During the couple hours that I waited there, nearly the entire event population passed by at various times. In fact, I found two other people that had broken things (a suspension locating arm and a shock eye). After never being used outside my garage for over a year, my welder finally saw field action three times that day.
When Brad & friend finally returned with my old driveshaft, we were unable to extract the U-joint from the rusty yoke. Two hours of waiting down the drain. We starting comparing the parts we had on hand, and realized that the cross piece of the broken U-joint still appeared to be OK. Since the end caps were the same size as the spare U-joint I had, we put the new caps & seals onto the old cross piece and hoped for the best. A month later, it’s still running fine.
When I got home, the first thing I did was permanently weld the spring perches to the axle so that this wouldn’t happen again. It’s much easier to do with the tire removed, BTW. The second thing I did was call Tom Wood, where’d I’d gotten my new CV driveshaft, to find out what size U-joints I really needed. The larger U-joint used on the rear pinion of the ’94-present YJs is a Spicer 1330-style joint. Spicer part numbers 5-1203X or 5-213X will both work, but the 1203 is both cheaper and better. The smaller U-joint used in Tom’s CV-joint and on the rest of the Wranglers, including the rear of the ’87-’93 YJ’s, is a Spicer 1310-style. It’s Spicer part number 5-153X. Tom will sell the 5-1203X for $15 and the 5-153X for $12. I also found them locally at Lincoln Radiator for $14.40 and $12.83, respectively. While the Spicer joints are more expensive than the no-name brands, they are worth the extra cost. They’re more durable and will need replacement less frequently than the cheaper alternatives. According to a local shop, the Spicers have a Rockwell hardness rating of 62, while some of the cheap brands are as low as 25. This means the needle bearings will wear down sooner, causing joint failure.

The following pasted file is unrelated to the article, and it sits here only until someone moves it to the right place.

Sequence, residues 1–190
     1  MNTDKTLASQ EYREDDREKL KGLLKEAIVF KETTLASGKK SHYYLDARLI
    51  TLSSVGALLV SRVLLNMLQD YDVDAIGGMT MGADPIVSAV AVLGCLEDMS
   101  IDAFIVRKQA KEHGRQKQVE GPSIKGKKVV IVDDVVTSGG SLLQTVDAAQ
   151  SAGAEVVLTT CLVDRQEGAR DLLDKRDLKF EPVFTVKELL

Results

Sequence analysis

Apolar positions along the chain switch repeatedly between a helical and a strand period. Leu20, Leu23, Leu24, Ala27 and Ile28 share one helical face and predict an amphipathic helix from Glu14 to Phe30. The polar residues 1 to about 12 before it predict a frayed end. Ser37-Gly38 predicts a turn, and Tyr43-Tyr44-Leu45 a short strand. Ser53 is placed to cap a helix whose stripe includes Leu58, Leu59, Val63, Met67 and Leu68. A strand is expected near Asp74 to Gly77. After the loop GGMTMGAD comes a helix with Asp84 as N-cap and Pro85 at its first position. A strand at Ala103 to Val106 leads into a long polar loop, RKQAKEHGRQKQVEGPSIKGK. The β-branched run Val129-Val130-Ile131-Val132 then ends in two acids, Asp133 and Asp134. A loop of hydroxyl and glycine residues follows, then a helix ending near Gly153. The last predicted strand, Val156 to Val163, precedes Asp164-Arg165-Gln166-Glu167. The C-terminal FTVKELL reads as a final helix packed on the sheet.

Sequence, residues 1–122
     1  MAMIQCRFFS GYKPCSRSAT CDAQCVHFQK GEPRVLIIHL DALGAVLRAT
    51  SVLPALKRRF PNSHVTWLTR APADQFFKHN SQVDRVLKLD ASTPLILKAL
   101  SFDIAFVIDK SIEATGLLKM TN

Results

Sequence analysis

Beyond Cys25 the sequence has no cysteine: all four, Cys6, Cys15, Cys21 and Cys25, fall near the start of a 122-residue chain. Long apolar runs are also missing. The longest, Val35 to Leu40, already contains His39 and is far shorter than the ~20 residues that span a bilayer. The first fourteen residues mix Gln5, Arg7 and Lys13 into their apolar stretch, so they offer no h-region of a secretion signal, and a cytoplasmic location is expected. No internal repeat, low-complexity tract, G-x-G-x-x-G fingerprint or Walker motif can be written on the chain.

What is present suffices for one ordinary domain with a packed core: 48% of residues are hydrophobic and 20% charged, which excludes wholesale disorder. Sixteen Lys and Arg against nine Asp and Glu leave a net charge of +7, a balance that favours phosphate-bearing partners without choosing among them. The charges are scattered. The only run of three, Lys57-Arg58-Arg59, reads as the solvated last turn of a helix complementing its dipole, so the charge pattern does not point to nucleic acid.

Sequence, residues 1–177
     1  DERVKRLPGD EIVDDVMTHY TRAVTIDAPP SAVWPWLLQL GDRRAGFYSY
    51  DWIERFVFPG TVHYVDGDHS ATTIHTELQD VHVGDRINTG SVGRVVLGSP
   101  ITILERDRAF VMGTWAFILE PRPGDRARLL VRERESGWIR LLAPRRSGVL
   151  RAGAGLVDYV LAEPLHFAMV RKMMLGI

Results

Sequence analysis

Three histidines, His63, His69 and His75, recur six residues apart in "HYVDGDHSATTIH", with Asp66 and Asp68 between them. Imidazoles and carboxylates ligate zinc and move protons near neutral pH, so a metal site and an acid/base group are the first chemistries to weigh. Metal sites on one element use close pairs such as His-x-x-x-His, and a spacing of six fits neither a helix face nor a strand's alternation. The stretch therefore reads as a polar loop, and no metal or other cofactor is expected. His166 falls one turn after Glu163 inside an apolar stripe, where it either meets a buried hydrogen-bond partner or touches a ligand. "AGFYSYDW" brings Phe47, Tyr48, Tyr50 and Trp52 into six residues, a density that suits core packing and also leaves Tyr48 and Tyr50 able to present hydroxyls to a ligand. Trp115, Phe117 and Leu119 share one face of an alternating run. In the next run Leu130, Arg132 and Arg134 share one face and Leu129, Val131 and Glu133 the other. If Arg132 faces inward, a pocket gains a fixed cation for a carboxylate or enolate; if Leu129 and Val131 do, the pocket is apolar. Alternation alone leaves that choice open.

Anyway, after two more trips down to that same ORV area, everything is still working flawlessly. I think I’ve finally got all the gremlins exterminated… at least for now.